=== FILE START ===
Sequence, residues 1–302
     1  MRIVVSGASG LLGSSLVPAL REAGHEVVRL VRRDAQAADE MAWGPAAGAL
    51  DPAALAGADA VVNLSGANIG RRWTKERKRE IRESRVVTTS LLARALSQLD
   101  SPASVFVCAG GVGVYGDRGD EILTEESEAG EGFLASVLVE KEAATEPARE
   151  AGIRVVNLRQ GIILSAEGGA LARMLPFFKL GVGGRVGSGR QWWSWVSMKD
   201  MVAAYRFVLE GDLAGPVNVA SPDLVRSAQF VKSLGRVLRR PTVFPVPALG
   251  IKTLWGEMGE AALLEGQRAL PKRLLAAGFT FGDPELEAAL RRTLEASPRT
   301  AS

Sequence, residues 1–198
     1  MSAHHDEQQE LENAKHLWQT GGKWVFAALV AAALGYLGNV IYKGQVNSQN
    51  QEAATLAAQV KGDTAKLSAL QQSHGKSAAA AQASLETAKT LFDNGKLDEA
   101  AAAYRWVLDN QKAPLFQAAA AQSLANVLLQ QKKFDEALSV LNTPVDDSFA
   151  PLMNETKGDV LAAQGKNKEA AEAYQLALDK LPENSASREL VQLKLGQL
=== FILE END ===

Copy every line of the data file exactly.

Sequence, residues 1–302
     1  MRIVVSGASG LLGSSLVPAL REAGHEVVRL VRRDAQAADE MAWGPAAGAL
    51  DPAALAGADA VVNLSGANIG RRWTKERKRE IRESRVVTTS LLARALSQLD
   101  SPASVFVCAG GVGVYGDRGD EILTEESEAG EGFLASVLVE KEAATEPARE
   151  AGIRVVNLRQ GIILSAEGGA LARMLPFFKL GVGGRVGSGR QWWSWVSMKD
   201  MVAAYRFVLE GDLAGPVNVA SPDLVRSAQF VKSLGRVLRR PTVFPVPALG
   251  IKTLWGEMGE AALLEGQRAL PKRLLAAGFT FGDPELEAAL RRTLEASPRT
   301  AS

Sequence, residues 1–198
     1  MSAHHDEQQE LENAKHLWQT GGKWVFAALV AAALGYLGNV IYKGQVNSQN
    51  QEAATLAAQV KGDTAKLSAL QQSHGKSAAA AQASLETAKT LFDNGKLDEA
   101  AAAYRWVLDN QKAPLFQAAA AQSLANVLLQ QKKFDEALSV LNTPVDDSFA
   151  PLMNETKGDV LAAQGKNKEA AEAYQLALDK LPENSASREL VQLKLGQL